© 2022 Western New York Public Broadcasting Association

140 Lower Terrace
Buffalo, NY 14202

Mailing Address:
Horizons Plaza P.O. Box 1263
Buffalo, NY 14240-1263

Buffalo Toronto Public Media | Phone 716-845-7000
WBFO Newsroom | Phone: 716-845-7040
Your NPR Station
Play Live Radio
Next Up:
0:00
0:00
Available On Air Stations

America’s climate havens of the future

An aerial view of the Isle of Jean Charles in Louisiana on August 24, 2022. They are considered the first American climate refugees since 2016. (Cécile Clocheret/AFP via Getty Images)
An aerial view of the Isle of Jean Charles in Louisiana on August 24, 2022. They are considered the first American climate refugees since 2016. (Cécile Clocheret/AFP via Getty Images)

Climate change is going to impact where humans can live.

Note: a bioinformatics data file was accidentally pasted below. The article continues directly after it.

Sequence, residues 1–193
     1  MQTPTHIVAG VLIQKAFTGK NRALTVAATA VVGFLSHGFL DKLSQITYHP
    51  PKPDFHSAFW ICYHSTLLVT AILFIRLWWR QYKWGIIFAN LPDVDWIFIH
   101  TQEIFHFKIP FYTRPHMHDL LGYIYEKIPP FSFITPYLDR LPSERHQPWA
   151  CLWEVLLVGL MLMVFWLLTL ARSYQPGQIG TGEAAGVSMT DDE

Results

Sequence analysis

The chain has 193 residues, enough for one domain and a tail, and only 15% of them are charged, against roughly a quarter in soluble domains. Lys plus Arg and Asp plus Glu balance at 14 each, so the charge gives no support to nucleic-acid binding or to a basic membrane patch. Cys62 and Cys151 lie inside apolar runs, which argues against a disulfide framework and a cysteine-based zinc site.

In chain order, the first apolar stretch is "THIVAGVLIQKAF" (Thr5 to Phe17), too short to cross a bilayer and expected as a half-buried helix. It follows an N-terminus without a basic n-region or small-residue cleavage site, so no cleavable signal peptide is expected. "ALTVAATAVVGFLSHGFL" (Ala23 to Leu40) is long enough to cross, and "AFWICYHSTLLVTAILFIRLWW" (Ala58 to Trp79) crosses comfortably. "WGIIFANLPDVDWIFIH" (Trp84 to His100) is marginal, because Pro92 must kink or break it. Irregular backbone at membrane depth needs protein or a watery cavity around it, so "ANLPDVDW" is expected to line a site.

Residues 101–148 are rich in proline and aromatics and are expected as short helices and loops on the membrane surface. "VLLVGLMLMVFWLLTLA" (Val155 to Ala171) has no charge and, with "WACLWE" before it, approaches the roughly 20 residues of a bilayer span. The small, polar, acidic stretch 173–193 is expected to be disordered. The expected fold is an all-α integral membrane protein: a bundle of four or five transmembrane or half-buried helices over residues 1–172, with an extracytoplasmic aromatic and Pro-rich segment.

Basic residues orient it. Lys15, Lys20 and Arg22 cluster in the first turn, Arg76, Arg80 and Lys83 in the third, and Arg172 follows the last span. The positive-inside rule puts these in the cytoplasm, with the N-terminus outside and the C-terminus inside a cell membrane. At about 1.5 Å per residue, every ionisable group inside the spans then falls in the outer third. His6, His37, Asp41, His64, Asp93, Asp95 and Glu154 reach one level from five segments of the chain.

“There could be as many as 13 million climate migrants in the United States this century,” Matt Hauer, a demographer at Florida State University, says. “That’s just from sea level rise, not hurricanes, wildfires, heat, drought, you name it.”

People in the South and West of this country are already experiencing those hurricanes and wildfires, but mostly staying put.

“Where people live is very sticky,” Beth Gibbons, executive director of the nonprofit American Society of Adaptation Professionals, says. “They’re reluctant to move … but the day is going to come that they are not going to be able to stay there.”

So where will they go?

“Northern cities need to plan for the arrival of migrants who are being driven to places which they perceive as … potential havens for them and their families,” Gibbons adds.